Monday, 14 October 2013

A duty of candour

[Originally published on the Aspley Consultants website]

This article on the Telegraph website raises some issues for anyone interested in learning from the past in order to improve things in the future.

According to the article, From April next year NHS hospitals and other providers of care will be contractually obliged to be open about when patient safety has been compromised, ministers said….Campaigners have long called for the so-called duty of candour as it is thought that fear of litigation has prevented doctors and hospitals openly admitting harming patients.”

This blog has already looked at the fear of litigation within the UK's NHS and the way it inhibits the full and frank disclosure of ‘what happened’, thereby preventing learning from taking place.
This latest article indicates how the proposed contractual duty of candour might fall short of the power and reach of a statutory one.

So, is this a welcome development or not?

The honest answer must be that this won’t be clear until we can see how behaviour changes as a result of this (if at all).  As regular readers of this blog will know, it is not enough to put measures in place – they have to work.

A further note of caution relates to the issue of rewards and punishments.  If the fear of litigation is believed to prevent open and honest examine of past mistakes, how does contractually forcing people to be open address that?  Is there not the danger that without addressing that ‘root cause’, employees’ resistance will merely increase to meet the new challenge to their position?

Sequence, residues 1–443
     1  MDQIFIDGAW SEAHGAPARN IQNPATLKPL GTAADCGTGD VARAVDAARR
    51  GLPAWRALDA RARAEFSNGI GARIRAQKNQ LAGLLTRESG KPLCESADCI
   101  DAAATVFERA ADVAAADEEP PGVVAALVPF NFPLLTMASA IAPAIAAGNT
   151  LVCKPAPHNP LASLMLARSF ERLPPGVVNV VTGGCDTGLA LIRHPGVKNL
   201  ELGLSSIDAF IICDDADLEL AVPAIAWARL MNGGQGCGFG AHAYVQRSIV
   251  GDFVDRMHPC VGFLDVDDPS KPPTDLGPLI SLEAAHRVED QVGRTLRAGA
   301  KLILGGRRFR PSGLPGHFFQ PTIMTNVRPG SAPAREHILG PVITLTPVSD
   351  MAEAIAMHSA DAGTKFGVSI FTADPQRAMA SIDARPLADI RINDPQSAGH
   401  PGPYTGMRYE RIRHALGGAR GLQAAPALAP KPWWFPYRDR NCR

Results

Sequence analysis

An approach based on systems thinking would increase incentives for people to be honest and reduce the perceived risks associated with them being so.

Learning initiatives have the best chance of success when they “go where the energy is”.  This means reducing resistance, building momentum, gaining support and picking the right moment for action.

It does not mean alienating people, forcing through change or ignoring other priorities.

It is not yet possible to judge whether this proposed ‘duty of candour’ for NHS contracts will have the desired effect.  However, the fact that such measures are being considered means that the debate about honesty and learning is in rude health which is welcome.

It is up to those that care about organisational learning to pay attention and contribute where they can.

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